Once you get past the greenwashing that the government is engaged in, the massive number of private corporate developments that have been proposed in our wilderness, in our national parks, on our Crown land and in our World Heritage Area amounts to a selling off of some of the most precious parts of our state. Of course, some of the most precious parts of our state are also some of the most precious parts of our planet. In the case of the Tasmanian Wilderness World Heritage area, we hold that in trust for every single person on this planet and for future generations. The Liberal government, under Will Hodgman, knows the price of everything but the value of nothing. They don't understand value unless they can put a dollar figure on it. And the only way they are interested in putting a dollar figure on it as if one of their corporate mates—and, in many cases, their corporate donors—approaches them with a secret proposal to develop on our coastline, in our forests, on our rivers and in our highlands.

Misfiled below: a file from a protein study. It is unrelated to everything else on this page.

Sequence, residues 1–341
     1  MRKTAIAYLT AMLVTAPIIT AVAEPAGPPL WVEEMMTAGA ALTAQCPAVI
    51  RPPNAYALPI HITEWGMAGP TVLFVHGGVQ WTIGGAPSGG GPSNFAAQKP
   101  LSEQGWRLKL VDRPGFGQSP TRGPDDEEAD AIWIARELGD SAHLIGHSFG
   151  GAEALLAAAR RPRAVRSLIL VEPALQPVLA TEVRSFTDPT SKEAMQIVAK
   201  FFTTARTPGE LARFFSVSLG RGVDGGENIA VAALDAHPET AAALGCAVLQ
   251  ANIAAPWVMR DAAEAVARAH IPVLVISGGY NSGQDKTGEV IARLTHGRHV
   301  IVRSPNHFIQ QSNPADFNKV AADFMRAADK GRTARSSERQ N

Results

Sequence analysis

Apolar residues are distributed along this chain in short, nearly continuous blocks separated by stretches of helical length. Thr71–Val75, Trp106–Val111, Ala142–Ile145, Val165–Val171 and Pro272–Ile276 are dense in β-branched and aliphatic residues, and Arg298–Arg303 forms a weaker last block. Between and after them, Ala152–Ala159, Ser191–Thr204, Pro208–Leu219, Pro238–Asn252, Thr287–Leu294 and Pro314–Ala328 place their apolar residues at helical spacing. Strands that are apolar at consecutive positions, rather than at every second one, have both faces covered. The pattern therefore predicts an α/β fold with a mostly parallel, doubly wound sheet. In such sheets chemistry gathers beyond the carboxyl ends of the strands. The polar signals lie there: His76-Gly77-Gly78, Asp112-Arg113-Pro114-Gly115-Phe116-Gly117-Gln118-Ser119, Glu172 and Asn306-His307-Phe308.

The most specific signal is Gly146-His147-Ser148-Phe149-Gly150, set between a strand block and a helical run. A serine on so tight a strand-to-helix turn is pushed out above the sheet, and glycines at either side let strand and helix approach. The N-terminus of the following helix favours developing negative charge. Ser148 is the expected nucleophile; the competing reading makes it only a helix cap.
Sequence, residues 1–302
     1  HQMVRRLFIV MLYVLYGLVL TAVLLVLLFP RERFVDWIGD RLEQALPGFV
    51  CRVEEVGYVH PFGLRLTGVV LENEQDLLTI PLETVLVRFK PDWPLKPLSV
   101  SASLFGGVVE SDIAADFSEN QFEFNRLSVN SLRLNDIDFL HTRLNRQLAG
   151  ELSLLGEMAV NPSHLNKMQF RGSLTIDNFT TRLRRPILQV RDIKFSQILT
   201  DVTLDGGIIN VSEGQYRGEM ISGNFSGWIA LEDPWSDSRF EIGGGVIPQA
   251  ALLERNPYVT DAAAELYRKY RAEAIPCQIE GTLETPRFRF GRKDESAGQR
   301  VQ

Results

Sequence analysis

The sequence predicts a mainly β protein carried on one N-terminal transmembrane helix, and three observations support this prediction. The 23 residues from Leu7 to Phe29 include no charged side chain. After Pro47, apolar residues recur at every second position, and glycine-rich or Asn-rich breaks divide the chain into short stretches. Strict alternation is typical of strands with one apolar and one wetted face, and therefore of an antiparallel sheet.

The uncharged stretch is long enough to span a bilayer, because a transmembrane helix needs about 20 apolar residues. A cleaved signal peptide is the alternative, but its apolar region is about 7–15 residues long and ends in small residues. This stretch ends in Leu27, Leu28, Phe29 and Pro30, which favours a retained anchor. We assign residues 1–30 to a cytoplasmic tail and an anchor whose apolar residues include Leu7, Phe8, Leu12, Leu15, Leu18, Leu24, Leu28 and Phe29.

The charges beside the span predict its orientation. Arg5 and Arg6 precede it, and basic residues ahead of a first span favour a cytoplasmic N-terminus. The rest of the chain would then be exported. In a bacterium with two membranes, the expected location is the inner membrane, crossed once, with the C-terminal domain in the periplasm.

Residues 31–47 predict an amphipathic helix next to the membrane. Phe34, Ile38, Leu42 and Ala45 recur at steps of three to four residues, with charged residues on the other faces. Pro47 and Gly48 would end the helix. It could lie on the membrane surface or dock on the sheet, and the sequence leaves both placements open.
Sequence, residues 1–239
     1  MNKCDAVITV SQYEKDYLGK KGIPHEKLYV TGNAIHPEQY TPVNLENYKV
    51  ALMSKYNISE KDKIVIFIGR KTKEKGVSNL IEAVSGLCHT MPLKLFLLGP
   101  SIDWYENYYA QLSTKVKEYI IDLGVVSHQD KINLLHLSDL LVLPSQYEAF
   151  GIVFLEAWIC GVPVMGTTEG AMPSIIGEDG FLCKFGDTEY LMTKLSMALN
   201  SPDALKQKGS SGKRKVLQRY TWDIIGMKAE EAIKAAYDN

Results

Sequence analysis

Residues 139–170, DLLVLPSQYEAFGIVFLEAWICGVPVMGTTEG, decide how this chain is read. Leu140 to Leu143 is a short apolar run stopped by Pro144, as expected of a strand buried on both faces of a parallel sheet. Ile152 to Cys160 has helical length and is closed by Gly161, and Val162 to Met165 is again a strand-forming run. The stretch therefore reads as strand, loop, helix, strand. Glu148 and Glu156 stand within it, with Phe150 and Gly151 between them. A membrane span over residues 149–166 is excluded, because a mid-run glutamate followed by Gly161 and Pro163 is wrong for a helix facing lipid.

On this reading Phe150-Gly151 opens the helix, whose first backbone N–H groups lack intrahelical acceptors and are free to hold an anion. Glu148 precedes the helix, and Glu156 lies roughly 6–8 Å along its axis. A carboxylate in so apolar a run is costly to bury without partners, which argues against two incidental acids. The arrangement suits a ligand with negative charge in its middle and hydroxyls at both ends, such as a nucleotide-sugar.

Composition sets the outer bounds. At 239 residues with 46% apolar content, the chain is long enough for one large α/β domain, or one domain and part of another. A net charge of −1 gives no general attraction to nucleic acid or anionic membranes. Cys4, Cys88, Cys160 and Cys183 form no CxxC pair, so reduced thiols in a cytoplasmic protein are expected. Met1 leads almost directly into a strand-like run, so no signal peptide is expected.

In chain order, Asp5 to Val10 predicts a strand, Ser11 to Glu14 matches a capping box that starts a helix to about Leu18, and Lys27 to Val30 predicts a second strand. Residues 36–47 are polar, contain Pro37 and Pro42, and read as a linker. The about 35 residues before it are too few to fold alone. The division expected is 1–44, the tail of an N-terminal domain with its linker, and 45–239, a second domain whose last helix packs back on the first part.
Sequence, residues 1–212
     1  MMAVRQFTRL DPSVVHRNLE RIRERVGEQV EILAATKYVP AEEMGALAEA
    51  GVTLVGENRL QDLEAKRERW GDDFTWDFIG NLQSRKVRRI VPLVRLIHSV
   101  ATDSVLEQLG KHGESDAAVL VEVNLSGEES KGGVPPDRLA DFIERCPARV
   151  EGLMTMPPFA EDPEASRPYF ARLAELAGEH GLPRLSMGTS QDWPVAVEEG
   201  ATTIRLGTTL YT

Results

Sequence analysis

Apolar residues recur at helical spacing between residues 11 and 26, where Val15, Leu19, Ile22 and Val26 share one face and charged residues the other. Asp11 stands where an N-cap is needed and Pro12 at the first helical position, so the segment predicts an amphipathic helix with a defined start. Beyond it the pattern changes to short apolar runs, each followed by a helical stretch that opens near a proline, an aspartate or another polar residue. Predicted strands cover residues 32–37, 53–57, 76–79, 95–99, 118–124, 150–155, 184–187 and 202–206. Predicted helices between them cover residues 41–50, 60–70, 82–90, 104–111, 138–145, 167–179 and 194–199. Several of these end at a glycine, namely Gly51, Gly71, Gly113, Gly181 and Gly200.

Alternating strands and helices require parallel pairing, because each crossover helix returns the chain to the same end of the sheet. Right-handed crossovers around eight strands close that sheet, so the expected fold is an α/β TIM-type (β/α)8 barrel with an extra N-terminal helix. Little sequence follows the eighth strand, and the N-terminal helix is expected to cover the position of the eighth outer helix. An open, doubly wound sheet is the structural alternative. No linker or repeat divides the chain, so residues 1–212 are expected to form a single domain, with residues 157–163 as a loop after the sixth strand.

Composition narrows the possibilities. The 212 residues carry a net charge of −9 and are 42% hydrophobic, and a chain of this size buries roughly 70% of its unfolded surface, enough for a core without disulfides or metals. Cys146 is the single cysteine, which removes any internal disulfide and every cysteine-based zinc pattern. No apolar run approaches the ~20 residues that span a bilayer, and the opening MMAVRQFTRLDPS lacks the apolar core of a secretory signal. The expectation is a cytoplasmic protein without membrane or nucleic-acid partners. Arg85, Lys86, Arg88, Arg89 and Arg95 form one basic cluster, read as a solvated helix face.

What is happening in Tasmania is a microcosm of what is happening around the country and in many parts of the world. This is fundamentally the problem Western democracies are facing right now: politicians are giving away power to corporate boardrooms. In doing so, they are disenfranchising the people they are supposed to represent in parliaments like this one and the Tasmanian parliament. We are seeing corporate donations flow in and we are seeing outcomes flow from the politicians to their corporate mates who donate so generously because they know it buys them outcomes. What is the result of this? The result is the two great problems facing our planet and humanity and, in particular, Western liberal democracies. The first is environmental degradation and damage, and part of that, obviously, is the greatest crisis in public policy facing humanity, which is climate change. The second part—and these are two sides of the same problematic coin—is people being thrown on the scrapheap and the massive economic inequality which exists and is growing in most Western liberal democracies around the world.